Iota said...

Do they call each other 'Dude'? Mine do (but they're older).

nappy valley girl said...

Conuly, Expat Mum - you're right, and even people from New York City are completely different from elsewhere in New York State. I once went to a conference in upstate New York and the Manhattanites scornfully dismissed it as 'the Midwest'.

Iota - that was another one I meant to include! They don't call each other dude (yet), but LB1 was drawing a picture of some stick men the other day and referred to them as 'my dudes'. We were in stitches.

PantsWithNames said...

You need to come back home for a while this year.

Sunday lunch at 11am? Tsk... ;-)

Almost American said...

LOL! I only barely notice when my kiddos do/say stuff like that - but it must be truly gobsmacking to you, given the short time you've been here!

Nota Bene said...

Jeezzzzzzzzzzzzzzzzzzzzz

Mud in the City said...

But do they love green bean casserole....? By then it is too late.

Muddling Along said...

Ah yes but do they know all the names of the states yet?

Just imagine how exotic they'll seem when they get back to Blighty

Conuly said...

I don't know what it's like out on Lawn Guyland, but over here in the city I've never once (well, only once) gone to somebody's house for Thanksgiving or Christmas or any other appropriate winter holiday and been given green bean casserole.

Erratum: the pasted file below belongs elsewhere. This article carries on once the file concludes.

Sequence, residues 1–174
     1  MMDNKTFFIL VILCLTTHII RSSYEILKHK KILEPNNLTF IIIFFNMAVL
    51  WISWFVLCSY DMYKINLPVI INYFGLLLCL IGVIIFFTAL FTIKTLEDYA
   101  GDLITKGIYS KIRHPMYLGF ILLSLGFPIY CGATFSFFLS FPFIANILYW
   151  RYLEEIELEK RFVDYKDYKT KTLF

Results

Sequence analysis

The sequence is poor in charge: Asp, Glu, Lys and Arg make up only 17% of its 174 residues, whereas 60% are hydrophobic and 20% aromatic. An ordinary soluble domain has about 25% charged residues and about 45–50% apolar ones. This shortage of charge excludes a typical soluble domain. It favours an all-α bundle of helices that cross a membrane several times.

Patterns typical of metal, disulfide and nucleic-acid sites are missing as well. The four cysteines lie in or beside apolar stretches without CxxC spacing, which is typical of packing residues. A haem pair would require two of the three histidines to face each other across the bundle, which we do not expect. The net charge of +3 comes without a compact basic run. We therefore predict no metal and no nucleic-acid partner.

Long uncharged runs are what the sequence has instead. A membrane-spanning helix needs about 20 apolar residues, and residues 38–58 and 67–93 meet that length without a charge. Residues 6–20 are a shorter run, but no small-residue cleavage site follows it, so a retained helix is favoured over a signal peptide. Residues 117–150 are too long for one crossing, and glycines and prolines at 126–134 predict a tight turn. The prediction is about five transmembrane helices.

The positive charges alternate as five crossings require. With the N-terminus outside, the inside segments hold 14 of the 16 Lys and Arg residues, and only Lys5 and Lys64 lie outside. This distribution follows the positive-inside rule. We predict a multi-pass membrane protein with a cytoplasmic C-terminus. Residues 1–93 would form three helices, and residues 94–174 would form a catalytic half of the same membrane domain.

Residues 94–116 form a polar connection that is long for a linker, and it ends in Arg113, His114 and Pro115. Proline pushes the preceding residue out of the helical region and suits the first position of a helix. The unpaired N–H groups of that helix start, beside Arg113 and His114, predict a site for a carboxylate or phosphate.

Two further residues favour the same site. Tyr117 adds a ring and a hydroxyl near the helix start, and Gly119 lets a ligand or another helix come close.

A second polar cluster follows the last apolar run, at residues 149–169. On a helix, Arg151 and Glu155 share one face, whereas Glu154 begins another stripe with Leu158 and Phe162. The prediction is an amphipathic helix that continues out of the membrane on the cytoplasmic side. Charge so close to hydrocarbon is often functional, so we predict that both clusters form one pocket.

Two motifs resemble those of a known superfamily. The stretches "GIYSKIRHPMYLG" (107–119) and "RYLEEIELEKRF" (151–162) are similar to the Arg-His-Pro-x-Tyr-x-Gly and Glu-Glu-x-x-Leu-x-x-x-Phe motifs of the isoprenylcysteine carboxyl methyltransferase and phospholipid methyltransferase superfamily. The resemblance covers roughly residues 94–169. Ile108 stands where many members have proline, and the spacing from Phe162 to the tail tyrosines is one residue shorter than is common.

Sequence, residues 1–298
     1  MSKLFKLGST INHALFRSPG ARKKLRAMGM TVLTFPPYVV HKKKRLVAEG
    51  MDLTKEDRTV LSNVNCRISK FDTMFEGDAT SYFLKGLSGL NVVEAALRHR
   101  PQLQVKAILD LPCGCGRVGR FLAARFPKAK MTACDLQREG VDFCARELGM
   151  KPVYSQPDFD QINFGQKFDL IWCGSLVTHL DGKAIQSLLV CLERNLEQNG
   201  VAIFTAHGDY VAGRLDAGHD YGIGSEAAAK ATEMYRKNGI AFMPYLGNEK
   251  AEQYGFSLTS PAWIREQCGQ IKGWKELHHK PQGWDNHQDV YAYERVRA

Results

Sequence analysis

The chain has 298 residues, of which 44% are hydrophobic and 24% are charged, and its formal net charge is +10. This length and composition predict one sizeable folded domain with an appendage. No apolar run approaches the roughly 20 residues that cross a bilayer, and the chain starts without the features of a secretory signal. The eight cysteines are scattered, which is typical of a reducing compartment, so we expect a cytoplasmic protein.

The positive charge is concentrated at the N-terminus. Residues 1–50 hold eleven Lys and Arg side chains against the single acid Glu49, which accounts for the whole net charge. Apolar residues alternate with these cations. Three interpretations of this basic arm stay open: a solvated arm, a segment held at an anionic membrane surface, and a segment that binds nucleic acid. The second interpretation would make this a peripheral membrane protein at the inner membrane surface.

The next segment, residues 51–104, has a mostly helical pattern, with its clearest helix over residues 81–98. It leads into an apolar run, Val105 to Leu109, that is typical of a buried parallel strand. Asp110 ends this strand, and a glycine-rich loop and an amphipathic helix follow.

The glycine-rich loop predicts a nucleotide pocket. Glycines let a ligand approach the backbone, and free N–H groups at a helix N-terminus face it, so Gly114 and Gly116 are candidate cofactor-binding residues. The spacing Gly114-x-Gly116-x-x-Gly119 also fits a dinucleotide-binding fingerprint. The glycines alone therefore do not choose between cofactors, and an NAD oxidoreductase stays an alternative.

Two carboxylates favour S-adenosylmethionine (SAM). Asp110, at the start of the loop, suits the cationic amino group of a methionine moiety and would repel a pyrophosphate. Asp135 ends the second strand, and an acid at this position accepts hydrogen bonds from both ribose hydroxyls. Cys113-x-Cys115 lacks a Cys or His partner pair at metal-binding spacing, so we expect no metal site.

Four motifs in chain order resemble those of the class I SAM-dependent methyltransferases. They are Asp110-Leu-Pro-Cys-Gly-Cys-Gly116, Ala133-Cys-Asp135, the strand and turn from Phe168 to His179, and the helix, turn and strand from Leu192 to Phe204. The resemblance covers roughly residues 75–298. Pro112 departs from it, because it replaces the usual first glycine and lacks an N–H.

The one exception (and she actually made Turkish food, being Turkish by marriage and through a love of the country) was a friend who comes from St. Louis every year. (She cried the first time she heard that St. Louis is officially more dangerous than NYC.)

Mind, I've gone to people's houses on Thanksgiving where they made ziti and lasagna, and I've gone where everything was kosher (this being a Jewish house, that's no surprise), but green bean casserole? Never, ever.

Potty Mummy said...

Great. So we move to Russia, and by your reckoning, my boys have become American (on at least 4 of those points, anyway...)! x

nappy valley girl said...

Pants - I know we do, and we're not, more's the pity....

Almost American - just give me a year, and I probably won't even notice any more....

NB - they don't say that yet. But they do say 'what in the heck?'

Mud (+Conuly) - I seriously haven't come across it on Long Island. (And if I did, the boys would almost certainly hate it).

Muddling Along - they actually have a jigsaw of all the States, so it isn't that far off....

PM - at least they'll be well equipped if they ever move to the States!

Paradise Lost In Translation said...